Hunting Weapon Choices


Choosing the right weapon and ammunition for hunting can make the experience much more enjoyable, as well as boost your odds for success. When selecting a rifle, you should consider how it fits, the sights, how heavy it is, plus its action and caliber. A properly fitting weapon will help you fire a more accurate shot. A stock that is too long will get caught in your armpit if your wearing a thick jacket. If the stock is too short the scope may strike your eyebrow, giving you what's known as "scope bite."

Stock lengths can vary greatly among the different rifle models. A gunsmith can easily change the length of the stock for you if needed. Another downfall to an inproper fit is the amount of drop you will encounter. When you have your cheek pressed firmly against the stock of the weapon, your shooting eye should line up with the sites. Too much drop will prevent you from placing your cheek against the stock, and the recoil could cause the stock to slam against your cheekbone.

If hunting in heavy brush where you must use short sights for your weapon, you should buy a low power scope or a peep sight that has a large aperture. Either one can be aimed quickly and very accurately. Variable power scopes within the ranges of 1.5x to 7x are ideal for this purpose. Open sights, which are the standard on most rifles are difficult to line up.


Shotguns and slugs are commonly used for deer hunting in densely populated areas, many states don't allow rifle hunting. Some of of southern states permit you to use shotguns with buckshot. The ideal shotgun for deer hunting is one that has a rifled barrel and special sights. Rifled barrels shoot slugs more accurately than do smoothbores. Rifling causes the slugs to spin and stabilize, allowing shots at deer up to 100 yards away. Slug guns and ammunition are available in all of the popular guages. The 12 gauge is the most widely used. You should NEVER use anything less than a 20 gauge for deer.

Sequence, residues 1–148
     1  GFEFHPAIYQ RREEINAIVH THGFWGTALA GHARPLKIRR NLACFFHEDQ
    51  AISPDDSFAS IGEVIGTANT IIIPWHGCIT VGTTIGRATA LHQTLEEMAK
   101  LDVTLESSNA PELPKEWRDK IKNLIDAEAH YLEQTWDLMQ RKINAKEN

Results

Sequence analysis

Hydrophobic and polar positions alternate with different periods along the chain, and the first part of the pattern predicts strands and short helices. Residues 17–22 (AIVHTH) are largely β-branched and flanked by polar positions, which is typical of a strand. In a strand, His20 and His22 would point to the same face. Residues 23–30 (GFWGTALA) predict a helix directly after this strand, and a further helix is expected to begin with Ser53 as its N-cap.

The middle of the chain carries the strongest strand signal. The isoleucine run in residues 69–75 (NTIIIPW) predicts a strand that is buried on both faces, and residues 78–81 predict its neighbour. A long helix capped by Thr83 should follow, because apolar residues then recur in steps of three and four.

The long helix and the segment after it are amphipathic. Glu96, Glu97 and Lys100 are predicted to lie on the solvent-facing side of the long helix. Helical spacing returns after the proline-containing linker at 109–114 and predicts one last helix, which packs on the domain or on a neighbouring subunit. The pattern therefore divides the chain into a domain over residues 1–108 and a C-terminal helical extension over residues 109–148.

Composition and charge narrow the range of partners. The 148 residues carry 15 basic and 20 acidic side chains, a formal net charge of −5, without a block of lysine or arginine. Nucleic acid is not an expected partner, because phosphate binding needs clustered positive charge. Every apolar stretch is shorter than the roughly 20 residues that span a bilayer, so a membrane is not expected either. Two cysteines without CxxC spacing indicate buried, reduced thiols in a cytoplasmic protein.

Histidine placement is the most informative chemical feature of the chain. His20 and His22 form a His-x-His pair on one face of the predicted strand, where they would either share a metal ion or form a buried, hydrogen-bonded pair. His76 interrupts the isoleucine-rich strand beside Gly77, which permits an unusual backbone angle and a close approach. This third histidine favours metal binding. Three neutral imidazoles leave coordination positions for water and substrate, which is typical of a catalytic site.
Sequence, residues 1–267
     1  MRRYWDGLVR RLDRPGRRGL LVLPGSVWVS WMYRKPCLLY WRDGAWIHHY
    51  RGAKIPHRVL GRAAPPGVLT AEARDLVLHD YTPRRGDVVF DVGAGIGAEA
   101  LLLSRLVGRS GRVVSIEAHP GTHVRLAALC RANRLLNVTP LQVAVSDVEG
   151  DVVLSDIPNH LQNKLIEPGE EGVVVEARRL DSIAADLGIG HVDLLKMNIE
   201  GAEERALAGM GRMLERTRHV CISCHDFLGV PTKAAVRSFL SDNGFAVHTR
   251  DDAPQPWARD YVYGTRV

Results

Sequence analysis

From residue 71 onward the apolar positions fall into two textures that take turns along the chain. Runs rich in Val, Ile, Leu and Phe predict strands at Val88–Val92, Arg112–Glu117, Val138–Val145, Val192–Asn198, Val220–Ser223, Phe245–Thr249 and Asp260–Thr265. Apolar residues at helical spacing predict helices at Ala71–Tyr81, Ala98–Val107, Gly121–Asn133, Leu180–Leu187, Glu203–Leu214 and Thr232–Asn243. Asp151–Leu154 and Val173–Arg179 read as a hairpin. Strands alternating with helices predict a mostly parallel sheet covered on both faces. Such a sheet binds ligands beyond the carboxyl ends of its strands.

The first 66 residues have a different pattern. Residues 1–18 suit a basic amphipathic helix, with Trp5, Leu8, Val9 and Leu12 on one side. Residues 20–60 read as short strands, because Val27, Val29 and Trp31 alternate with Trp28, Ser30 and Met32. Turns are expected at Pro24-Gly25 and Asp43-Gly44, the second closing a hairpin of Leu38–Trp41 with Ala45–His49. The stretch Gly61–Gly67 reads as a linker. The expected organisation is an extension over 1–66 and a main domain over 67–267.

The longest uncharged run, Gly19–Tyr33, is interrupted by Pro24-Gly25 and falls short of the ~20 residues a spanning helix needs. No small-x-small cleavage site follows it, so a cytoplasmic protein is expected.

If using a muzzleloader for hunting you better make that first shot count or you'll be out of luck. Most muzzleloaders can only fire one shot, and take too long to reload, but some are accurate to about 125 yards. Many states have muzzleloader hunting seasons, which allow you to extend your time on the field. Hunters can choose between caplocks and flintlocks. Many hunters prefer flintlocks, but caplocks are less likely to misfire. Most hunters prefer the .50 or .54 calibers. With muzzleloaders, you have your choice of round balls, conical bullets and pistol bullets. Check with your state laws, many states only allow the round balls for muzzleloading.


The handgun, while not always the most accurate and powerful choice of weapon, does present a challenge for hunters. You must be an expert marksman and should realize the limitations of handguns when deer hunting. The best handguns to use are the long-barreled bolt action or break action single shots that are chambered for rifle cartridges such as the .30-30 and .35 Remington. Becoming an expert pistol shot requires a great deal of practice and patience. To improve the accuracy of your

handgun, you should consider purchasing a 1x to 4x scope if it is legal in your area.


Bowhunting, while certainly not the easiest method of hunting, provide longer seasons for deer hunting. It is a real challenge for a hunter to bring down a trophy kill with a bow and arrow. The most commonly used bow today is the compound bow. Compounds use cams and pulleys to provide more power and speed to the arrows. A bows draw weight must meet your state's legal minimum. This is usually in the range of 35 to 45 pounds, but you may want to check to be safe. Despite the popularity of compound bows, several hunters still prefer to use the traditional bow. The traditional bow, which of course doesn't deliver as much power, is a real challenge.

Hunting Tips

By: John Dee

About the Author:

John Dee is a writer for